There are many key considerations in seeking to determine how Catalonian independence would affect the eurozone and the euro such as, would Catalonia seek independence from the EU? Would they use a currency other than the Euro? However, these questions might have fairly straight forward answers as the European Council has previously stated that “If a region separates from a Member State, the treaties are no longer in place from the day of its independence”. As such, it is likely that an independent Catalonia could be expelled from the EU and certainly, it would seem likely that Spain would use all of its political weight to have Catalonia expelled.

It is possible, however, that in the event of such a vote – instead of truly extracting themselves from a union with Spain, Catalonia would simply earn greater autonomy while still a part of the Spanish nation. A great deal of the support for separatism is in response to the fiscal austerity imposed by the Spanish government as Catalonia loses out on intra-regional tax transfers suffers from diluted tax autonomy.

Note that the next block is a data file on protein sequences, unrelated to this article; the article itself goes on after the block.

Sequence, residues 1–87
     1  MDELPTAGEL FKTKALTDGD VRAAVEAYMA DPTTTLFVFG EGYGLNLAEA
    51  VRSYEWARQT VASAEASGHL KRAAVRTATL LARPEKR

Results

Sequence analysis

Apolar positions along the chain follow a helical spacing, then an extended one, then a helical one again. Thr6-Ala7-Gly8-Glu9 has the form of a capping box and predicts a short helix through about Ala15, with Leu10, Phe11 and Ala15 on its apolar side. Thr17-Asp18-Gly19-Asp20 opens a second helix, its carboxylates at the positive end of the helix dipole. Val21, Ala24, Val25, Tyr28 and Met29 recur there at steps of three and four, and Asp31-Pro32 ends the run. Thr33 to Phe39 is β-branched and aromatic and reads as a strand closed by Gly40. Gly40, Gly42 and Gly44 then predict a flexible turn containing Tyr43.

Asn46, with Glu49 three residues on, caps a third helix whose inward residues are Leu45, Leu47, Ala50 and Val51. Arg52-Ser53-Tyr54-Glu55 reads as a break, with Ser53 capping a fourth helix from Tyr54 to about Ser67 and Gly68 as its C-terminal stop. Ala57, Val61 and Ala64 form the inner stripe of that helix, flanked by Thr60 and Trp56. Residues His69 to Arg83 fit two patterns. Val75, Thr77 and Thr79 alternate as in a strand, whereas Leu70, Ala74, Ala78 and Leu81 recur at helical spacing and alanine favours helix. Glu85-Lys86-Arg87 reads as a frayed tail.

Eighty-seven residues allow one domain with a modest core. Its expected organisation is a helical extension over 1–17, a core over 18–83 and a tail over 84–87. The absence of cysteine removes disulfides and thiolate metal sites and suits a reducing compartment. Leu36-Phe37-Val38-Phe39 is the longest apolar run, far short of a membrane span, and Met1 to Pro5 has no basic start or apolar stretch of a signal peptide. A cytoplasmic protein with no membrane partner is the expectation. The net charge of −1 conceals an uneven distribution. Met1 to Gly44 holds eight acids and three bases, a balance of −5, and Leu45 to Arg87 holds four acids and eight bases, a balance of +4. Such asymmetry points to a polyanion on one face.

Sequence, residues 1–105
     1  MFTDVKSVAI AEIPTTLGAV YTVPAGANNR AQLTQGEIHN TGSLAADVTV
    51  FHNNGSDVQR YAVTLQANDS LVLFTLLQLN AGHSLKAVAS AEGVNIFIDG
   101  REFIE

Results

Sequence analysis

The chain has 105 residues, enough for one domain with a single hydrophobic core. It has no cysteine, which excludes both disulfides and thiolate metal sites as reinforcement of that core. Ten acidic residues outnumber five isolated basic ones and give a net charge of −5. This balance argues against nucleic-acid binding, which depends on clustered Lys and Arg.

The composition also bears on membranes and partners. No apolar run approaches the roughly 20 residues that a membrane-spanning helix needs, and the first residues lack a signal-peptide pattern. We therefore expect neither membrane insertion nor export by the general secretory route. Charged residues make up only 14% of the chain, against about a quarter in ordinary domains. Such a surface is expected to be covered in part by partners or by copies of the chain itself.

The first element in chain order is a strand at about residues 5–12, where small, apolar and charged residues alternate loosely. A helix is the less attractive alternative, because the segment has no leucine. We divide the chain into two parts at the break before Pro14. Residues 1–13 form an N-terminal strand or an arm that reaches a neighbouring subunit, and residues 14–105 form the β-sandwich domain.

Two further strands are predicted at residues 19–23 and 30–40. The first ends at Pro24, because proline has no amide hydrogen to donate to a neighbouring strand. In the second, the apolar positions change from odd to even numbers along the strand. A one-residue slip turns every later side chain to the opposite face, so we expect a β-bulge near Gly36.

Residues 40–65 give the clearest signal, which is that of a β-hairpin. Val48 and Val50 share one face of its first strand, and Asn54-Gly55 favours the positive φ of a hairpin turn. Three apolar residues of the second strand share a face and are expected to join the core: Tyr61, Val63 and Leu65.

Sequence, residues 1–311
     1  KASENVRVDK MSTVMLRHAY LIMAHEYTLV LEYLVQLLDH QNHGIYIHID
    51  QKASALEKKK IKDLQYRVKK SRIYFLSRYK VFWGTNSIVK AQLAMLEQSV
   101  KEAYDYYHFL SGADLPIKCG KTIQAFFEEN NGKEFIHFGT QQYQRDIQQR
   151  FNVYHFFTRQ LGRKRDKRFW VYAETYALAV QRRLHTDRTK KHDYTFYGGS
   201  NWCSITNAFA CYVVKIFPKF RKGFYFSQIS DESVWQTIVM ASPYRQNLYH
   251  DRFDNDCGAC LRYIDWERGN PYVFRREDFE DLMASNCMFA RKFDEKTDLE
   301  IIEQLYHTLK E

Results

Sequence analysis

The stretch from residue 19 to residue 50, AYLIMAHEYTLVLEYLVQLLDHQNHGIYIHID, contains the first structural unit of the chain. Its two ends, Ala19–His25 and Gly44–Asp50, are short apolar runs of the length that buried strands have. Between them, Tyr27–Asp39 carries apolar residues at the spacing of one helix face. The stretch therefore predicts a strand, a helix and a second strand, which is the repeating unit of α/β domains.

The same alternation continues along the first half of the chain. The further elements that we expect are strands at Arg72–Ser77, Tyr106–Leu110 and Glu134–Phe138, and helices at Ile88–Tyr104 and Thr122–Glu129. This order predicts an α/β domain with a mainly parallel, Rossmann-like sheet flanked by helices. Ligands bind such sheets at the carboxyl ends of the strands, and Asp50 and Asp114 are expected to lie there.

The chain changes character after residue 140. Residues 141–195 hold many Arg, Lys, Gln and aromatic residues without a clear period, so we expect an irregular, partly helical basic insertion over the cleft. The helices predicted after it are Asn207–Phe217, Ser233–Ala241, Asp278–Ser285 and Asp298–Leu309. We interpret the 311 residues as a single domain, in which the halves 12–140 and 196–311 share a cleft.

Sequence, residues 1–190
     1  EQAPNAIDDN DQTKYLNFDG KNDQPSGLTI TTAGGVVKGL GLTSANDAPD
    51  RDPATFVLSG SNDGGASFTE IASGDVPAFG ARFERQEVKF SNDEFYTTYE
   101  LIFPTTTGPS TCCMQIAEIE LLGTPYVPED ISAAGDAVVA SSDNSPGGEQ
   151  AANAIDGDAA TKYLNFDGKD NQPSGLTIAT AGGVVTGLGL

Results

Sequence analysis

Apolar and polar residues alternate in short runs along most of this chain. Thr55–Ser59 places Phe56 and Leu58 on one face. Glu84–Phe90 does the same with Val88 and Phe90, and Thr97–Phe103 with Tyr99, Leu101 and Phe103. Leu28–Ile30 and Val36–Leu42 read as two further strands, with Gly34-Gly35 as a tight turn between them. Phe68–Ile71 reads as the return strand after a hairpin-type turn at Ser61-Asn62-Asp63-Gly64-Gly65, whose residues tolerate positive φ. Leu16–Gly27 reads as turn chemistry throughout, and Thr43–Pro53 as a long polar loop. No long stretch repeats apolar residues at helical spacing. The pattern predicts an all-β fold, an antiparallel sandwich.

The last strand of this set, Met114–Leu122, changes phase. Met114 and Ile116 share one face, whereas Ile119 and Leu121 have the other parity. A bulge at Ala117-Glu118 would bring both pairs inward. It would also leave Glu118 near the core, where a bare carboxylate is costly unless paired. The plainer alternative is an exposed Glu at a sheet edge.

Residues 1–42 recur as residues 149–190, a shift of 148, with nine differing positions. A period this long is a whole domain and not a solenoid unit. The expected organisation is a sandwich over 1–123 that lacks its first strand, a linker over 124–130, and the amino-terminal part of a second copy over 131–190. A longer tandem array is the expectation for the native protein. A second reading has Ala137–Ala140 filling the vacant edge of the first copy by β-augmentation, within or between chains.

In fact, some in Rajoy’s own government has accused the Spanish premier of fuelling separatist sentiment by not compromising more and satisfying Catalonian demands. In terms of the tax issue, Catalonia’s main complaint is that its tax revenues subsidise other parts of Spain – pointing to 2010 where EUR 61.8bln worth of taxes were contributed to the Spanish government, but the region only received EUR 45.33bln back. The Catalan government contends that they could reclaim around 8% of its GDP if it didn’t have to make these fiscal transfers to the Spanish Government.